Reference: McMillan JN and Tatchell K (1994) The JNM1 gene in the yeast Saccharomyces cerevisiae is required for nuclear migration and spindle orientation during the mitotic cell cycle. J Cell Biol 125(1):143-58

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Abstract


JNM1, a novel gene on chromosome XIII in the yeast Saccharomyces cerevisiae, is required for proper nuclear migration. jnm1 null mutants have a temperature-dependent defect in nuclear migration and an accompanying alteration in astral microtubules. At 30 degrees C, a significant proportion of the mitotic spindles is not properly located at the neck between the mother cell and the bud. This defect is more severe at low temperature. At 11 degrees C, 60% of the cells accumulate with large buds, most of which have two DAPI staining regions in the mother cell. Although mitosis is delayed and nuclear migration is defective in jnm1 mutant, we rarely observe more than two nuclei in a cell, nor do we frequently observe anuclear cells. No loss of viability is observed at 11 degrees C and cells continue to grow exponentially with increased doubling time. At low temperature the large budded cells of jnm1 mutants exhibit extremely long astral microtubules that often wind around the periphery of the cell. jnm1 mutants are not defective in chromosome segregation during mitosis, as assayed by the rate of chromosome loss, or nuclear migration during conjugation, as assayed by the rate of mating and cytoduction. The phenotype of a jnm1 mutant is strikingly similar to that for mutants in the dynein heavy chain gene (Eshel, D., L. A. Urrestarazu, S. Vissers, J.-C. Jauniaux, J. C. van Vliet-Reedijk, R. J. Plants, and I. R. Gibbons. 1993. Proc. Natl. Acad. Sci. USA. 90:11172-11176; Li, Y. Y., E. Yeh, T. Hays, and K. Bloom. 1993. Proc. Natl. Acad. Sci. USA. 90:10096-10100). The JNM1 gene product is predicted to encode a 44-kD protein containing three coiled coil domains. A JNM1:lacZ gene fusion is able to complement the cold sensitivity and microtubule phenotype of a jnm1 deletion strain. This hybrid protein localizes to a single spot in the cell, most often near the spindle pole body in unbudded cells and in the bud in large budded cells. Together these results point to a specific role for Jnm1p in spindle migration, possibly as a subunit or accessory protein for yeast dynein.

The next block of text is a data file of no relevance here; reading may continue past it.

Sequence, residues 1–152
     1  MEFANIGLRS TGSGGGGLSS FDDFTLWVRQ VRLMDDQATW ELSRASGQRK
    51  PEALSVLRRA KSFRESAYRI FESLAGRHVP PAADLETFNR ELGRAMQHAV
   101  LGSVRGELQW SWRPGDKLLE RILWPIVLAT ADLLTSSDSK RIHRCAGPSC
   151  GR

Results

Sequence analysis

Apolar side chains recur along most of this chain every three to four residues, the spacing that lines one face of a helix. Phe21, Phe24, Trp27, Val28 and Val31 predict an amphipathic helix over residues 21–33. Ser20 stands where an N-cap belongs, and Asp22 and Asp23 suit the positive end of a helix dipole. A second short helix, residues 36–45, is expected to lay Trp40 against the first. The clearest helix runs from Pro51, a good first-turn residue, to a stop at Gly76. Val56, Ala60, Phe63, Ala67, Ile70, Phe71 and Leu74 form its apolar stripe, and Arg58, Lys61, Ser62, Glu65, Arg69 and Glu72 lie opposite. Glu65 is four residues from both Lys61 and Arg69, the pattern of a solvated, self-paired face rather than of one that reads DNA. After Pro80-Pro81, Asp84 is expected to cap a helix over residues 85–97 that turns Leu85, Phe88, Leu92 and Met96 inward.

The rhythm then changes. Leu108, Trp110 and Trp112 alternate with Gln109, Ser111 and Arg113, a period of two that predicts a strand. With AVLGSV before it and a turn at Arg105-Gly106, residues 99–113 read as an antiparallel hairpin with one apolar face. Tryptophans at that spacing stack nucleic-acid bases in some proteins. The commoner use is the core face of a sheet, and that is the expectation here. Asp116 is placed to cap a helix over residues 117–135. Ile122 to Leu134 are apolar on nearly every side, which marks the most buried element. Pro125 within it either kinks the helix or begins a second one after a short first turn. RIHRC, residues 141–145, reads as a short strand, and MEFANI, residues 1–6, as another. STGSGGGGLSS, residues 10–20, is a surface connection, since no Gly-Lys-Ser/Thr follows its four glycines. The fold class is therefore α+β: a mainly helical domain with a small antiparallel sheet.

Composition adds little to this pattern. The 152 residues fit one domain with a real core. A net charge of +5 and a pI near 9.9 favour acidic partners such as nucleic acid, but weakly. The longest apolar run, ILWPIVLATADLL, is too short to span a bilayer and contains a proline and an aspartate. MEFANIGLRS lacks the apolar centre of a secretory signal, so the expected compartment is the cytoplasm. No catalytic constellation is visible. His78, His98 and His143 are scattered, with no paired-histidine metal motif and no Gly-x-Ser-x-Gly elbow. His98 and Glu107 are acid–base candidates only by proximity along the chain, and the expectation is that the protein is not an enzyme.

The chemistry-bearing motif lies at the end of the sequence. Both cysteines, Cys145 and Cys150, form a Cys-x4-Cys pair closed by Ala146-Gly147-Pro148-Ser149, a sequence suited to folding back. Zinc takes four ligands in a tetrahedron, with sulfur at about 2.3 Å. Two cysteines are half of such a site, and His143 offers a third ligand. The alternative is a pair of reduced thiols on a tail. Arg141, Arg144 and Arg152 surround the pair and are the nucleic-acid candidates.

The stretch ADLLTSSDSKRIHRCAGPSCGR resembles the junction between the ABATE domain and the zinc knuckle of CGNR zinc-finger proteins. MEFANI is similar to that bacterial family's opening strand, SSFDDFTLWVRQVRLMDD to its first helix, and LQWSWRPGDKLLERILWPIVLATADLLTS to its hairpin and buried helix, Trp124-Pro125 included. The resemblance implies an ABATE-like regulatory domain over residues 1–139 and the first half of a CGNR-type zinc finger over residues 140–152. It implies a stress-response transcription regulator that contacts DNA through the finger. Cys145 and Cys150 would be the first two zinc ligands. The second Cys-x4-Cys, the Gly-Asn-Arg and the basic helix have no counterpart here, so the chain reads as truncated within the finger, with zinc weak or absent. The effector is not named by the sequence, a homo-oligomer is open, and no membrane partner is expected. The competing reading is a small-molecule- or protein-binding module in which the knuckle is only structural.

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Journal Article | Research Support, U.S. Gov't, P.H.S.
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McMillan JN, Tatchell K
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